November is for the Boys: Pesticide Chlorpyrifos May Affect Men’s Health


Article Author: Brooke Linnehan, Biology Major, Class of 2021, Protect Our Breasts Science Translator 

We often share about choosing organic products to avoid chemicals linked to breast cancer. November is for the boys, and while men can still be diagnosed with the disease, new research has exposed the effects of an often-used pesticide on male fertility, specifically sperm count.

Chlorpyrifos (CPF) is a pesticide used in agricultural, residential, and commercial settings to control insects. Primarily used on cotton, corn, almonds, and various fruits, the World Health Organization considers CPF moderately hazardous. People can be exposed to CPF through contact with the skin or eyes, inhalation, or from eating. Typically, CPF exposure is known for causing adverse outcomes in neural development. However, new research suggests it can affect epigenetics and male reproductive health.

Epigenetic changes affect the way genes are expressed. Epigenetics do not make any changes to the actual DNA sequence. One example of epigenetics is methylation, or when a small molecule called a methyl group attaches to the DNA and has a silencing effect on that gene, like an off switch for a light bulb. Just because the light bulb is turned off doesn’t mean that the light bulb’s electrical circuit is any different. Although the DNA still has the instructions for making that particular protein, it is just not being made when the DNA for that gene is methylated. It has simply been turned off.

A recent peer-reviewed article from August 2020 explored the epigenetic effects of chlorpyrifos (CPF) on male reproductive health. The researchers treated rats with CPF for 90 days and compared their DNA with untreated rats. They found 27,019 different regions where the methylation in the treated rats was different from the methylation in the untreated rats. The genes associated with these regions of the DNA were predicted to be involved in 113 biological pathways. Keeping the lights on is critical. Some of these pathways are essential for directing cell growth and division. Cell growth and division pathways are extremely important for ensuring a cell doesn’t become cancerous and begin to grow and divide uncontrollably. When studying the actual effects of CPF on male rat testis, the researchers found that CPF can significantly increase rates of sperm malformation, which leads to a lower sperm count.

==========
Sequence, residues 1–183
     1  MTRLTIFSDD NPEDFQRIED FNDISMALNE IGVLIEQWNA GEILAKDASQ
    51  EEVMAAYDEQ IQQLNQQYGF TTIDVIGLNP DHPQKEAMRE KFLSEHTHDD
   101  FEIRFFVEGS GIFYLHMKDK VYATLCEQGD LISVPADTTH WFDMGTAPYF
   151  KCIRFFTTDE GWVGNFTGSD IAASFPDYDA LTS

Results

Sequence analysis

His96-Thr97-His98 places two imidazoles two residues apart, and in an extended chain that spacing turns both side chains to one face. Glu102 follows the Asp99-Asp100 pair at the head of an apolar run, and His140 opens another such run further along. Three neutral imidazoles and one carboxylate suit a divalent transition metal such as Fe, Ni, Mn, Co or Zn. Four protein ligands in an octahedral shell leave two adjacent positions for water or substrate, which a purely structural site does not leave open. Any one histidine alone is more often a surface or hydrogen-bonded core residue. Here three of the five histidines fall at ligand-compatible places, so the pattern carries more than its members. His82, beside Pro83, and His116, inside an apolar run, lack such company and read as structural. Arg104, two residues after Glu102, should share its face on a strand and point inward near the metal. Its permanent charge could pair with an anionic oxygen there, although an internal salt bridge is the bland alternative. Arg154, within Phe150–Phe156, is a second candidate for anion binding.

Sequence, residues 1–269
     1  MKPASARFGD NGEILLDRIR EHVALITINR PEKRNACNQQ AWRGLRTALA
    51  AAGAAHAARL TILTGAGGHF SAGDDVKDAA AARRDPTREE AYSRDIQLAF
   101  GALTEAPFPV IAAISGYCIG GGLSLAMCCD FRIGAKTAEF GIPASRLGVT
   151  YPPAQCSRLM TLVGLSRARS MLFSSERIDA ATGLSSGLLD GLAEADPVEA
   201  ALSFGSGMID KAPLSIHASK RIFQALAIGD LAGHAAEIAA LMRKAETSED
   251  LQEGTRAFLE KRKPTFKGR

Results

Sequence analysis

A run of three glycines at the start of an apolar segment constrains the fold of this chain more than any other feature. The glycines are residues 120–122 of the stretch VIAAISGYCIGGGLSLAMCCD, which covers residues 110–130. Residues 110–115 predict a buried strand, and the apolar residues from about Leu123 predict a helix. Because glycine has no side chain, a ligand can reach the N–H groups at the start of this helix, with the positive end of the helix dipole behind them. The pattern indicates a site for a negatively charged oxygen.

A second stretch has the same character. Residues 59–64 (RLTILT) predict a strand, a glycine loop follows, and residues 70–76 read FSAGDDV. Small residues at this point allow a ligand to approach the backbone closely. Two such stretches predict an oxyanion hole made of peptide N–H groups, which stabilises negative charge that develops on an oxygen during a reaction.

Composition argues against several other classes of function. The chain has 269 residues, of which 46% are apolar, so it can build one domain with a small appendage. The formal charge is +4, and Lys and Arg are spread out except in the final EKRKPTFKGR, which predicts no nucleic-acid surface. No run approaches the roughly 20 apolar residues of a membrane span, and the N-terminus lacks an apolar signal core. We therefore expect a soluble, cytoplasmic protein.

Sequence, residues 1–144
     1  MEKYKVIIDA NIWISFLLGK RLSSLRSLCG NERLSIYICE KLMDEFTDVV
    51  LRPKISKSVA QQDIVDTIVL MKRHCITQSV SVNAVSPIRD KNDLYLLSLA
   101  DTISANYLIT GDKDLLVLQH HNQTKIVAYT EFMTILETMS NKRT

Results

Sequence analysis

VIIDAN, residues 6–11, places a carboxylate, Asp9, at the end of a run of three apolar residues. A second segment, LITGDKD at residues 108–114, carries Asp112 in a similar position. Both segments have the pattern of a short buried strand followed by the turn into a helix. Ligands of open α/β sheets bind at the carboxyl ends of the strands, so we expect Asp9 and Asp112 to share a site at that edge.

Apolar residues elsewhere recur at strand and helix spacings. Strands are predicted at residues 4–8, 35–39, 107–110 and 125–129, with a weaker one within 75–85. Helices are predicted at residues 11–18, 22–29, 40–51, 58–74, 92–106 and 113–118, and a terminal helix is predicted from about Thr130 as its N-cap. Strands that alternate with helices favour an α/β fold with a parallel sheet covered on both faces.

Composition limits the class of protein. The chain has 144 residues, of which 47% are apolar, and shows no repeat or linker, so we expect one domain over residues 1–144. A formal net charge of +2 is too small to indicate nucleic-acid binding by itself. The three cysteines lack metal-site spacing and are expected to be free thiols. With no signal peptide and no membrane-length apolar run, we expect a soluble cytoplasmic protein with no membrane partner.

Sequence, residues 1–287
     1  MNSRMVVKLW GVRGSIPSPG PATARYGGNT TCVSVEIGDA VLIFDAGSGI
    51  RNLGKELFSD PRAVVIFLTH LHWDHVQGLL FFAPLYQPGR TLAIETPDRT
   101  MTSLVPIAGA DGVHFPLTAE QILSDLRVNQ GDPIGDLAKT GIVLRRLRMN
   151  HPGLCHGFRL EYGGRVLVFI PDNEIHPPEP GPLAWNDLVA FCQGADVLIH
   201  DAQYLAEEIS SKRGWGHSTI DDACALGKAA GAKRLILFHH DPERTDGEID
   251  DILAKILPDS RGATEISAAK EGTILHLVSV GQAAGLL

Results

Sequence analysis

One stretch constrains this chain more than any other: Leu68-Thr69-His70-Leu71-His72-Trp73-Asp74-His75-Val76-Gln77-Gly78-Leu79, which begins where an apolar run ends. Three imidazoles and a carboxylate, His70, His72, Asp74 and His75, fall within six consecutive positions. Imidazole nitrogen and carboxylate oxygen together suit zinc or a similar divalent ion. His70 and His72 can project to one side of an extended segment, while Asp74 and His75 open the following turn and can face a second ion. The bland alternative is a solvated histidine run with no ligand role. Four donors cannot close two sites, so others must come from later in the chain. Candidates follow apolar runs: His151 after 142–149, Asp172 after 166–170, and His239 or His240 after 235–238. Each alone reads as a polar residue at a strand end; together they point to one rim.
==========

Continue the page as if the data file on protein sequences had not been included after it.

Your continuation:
The importance of avoiding toxins like pesticides whenever possible cannot be emphasized enough. A way to avoid exposure to CPF is to choose organic products, because organic certification guarantees synthetic pesticides have not been used in production.  Both men and women are exposed to chemicals, toxins, and EDCs in their everyday lives, but it is possible to reduce individual exposures by making conscious healthier, safer organic choices. 


Sai, L., Jia, Q., Zhang, Y., Han, R., Geng, X., Yu, G., … & Peng, C. (2020). Genome-wide analysis of DNA methylation in testis of male rat exposed to chlorpyrifos. Toxicology Research, 9(4), 509-518.

Sai, L., Li, X., Liu, Y., Guo, Q., Xie, L., Yu, G., … & Li, L. (2014). Effects of chlorpyrifos on reproductive toxicology of male rats. Environmental toxicology, 29(9), 1083-1088.

Disclaimer: The information provided herein is the author’s opinion. Our authors are not scientists. We are not providing medical advice, but simply sharing publicly available information. When we reference data and databases, we do so with the caveat that most are only as good as the data they are based on. While POB strives to make the information as timely and accurate as possible, we make no claims, promises, or guarantees about the completeness, or adequacy of the contents of any site that is shared, and expressly disclaims liability for errors and omissions in the contents of these sites.  POB goes to great lengths to avoid declaring shared products as “safe” as there is no legal definition of the word “safe” at this time.

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